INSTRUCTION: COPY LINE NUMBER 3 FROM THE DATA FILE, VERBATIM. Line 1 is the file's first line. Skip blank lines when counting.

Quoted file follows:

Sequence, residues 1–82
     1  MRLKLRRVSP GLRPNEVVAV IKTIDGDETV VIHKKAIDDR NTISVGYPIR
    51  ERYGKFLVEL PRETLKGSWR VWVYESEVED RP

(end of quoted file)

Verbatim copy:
    51  ERYGKFLVEL PRETLKGSWR VWVYESEVED RP